It was approximately a month after he began planting his tomato plants last spring that lifelong Bellingham resident Marlyn Todahl noticed that one of his beefsteak variety stalks seemed a little off.
“I usually go to Youngstock’s (Nursery and Produce) and get 6-8 beefsteak tomato plants and plant them, and then wait a week and go back and get a different variety,” Todahl, 87, told The Bellingham Herald. “About a month or so later, I noticed all of them were about 6 feet tall, except for this one Beefsteak looked kind of funny — it was only 3 feet tall.”
Not only was it shorter than the rest, Todahl said, but it also had a “good, heavy stalk.”
Turned out that plant needed to be a little shorter and thicker — Todahl said that plant produced a 5½-pound tomato. Yes, that’s right — an 88-ounce tomato, or enough to fill six typical 14½-ounce cans of diced tomatoes with just a little bit left over.
“I talked to several farmers over in Yakima, and they said they never heard of tomatoes growing that big,” Todahl said. “It was unbelievable.”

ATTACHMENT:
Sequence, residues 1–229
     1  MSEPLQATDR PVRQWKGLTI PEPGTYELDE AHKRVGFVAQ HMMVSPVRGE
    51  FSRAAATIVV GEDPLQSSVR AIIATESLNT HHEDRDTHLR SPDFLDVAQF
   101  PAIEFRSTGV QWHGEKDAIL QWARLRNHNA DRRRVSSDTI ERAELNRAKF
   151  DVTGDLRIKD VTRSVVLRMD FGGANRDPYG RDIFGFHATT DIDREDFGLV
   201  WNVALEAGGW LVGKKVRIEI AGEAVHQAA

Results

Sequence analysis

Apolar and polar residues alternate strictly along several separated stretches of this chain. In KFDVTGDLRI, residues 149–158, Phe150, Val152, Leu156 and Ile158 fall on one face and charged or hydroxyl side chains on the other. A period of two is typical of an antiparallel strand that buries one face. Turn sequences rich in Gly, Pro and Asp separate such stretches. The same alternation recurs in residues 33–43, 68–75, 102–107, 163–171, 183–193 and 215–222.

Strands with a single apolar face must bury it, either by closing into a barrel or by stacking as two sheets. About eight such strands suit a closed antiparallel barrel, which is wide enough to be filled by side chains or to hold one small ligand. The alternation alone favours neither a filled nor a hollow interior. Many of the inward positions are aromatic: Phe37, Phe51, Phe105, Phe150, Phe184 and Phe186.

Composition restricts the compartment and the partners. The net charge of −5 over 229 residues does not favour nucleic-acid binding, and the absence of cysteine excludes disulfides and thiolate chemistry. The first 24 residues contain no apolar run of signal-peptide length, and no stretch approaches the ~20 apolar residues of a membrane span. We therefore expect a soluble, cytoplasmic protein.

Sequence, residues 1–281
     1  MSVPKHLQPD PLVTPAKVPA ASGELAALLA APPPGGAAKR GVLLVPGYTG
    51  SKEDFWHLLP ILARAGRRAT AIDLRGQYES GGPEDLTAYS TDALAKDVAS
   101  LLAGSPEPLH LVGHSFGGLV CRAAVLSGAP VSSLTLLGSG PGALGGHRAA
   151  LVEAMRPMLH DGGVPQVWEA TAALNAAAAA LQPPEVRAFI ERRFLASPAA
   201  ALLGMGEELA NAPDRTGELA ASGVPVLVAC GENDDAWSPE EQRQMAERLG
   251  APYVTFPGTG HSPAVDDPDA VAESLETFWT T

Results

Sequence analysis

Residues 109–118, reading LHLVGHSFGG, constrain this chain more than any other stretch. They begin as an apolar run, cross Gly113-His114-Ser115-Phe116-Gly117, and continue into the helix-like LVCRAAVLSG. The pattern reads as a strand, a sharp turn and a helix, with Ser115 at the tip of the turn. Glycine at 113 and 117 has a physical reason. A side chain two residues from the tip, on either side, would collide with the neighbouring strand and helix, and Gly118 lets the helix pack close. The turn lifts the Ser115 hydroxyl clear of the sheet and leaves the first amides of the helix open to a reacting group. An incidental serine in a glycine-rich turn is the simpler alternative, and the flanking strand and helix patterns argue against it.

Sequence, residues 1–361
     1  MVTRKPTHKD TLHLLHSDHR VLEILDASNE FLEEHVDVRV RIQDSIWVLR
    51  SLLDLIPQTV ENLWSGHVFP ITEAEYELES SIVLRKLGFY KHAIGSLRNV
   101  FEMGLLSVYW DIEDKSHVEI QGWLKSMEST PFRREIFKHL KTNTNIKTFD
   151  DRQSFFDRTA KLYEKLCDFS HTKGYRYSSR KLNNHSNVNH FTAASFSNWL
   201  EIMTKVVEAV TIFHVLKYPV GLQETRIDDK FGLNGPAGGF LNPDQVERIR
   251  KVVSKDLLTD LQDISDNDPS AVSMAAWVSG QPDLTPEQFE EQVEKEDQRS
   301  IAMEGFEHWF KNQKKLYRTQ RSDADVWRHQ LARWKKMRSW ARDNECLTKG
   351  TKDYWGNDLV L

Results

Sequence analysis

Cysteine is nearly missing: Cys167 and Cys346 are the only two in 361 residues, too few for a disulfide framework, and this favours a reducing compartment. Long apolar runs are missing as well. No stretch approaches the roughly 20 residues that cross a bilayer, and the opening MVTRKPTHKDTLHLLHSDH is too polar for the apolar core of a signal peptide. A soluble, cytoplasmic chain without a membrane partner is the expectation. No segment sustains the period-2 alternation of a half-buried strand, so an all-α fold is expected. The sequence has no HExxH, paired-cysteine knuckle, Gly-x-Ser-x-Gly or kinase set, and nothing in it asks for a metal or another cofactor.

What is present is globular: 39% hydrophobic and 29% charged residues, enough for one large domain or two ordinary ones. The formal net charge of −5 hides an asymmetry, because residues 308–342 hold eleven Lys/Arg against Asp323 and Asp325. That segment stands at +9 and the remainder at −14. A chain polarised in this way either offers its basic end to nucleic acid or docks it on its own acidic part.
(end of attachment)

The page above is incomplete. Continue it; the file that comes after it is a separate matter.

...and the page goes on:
The largest tomato on record, according to guinnessworldrecords.com, is an 8.61-pounder grown in 2016 and weighed in Walla Walla.
But Todahl’s mighty little plant was a bit of an overachiever.
In addition to the 5½-pounder, he said it also produced tomatoes that weighed 5, 4 and 3 pounds. And, as if that weren’t enough, he said his plant still has tomatoes he estimates to be 3 and 2 pounds on the vine.
Though Todahl’s largest two tomatoes look a little odd — with their deep grooves they more closely resemble red pumpkins or red peppers than plump, round tomatoes — he said he has plenty of usable tomatoes, so he put them in the freezer so he can pull them out and show them off to friends and visitors.
“I really don’t know what to think,” Todahl told The Herald. “I’ve been raising tomatoes for 50-60 years, and I’ve never seen anything like this.”
Though Todahl said he’s been more of a beekeeper than a gardener for the past 45 years, he takes particular pride in the tomatoes he grew. He said Youngstock’s got the plant starts from Joe’s Garden — a business he worked for when he was 10 years old through when he graduated from Bellingham High.
Todahl said not even the folks at Joe’s Garden could explain why this one plant produced more than 22 pounds worth of gigantic tomatoes.
“The only thing I can think of is I changed my fertilizer routine a little,” Todahl said. “It’s a fertilizer I make myself. I used a half-pound of coffee grounds, 2-3 banana peelings cut up ... and some crushed eggshells. Then I take a handful of commercial fertilizer — the solid kind, not the liquid — and I mix it all up and put a spoonful in every hole.”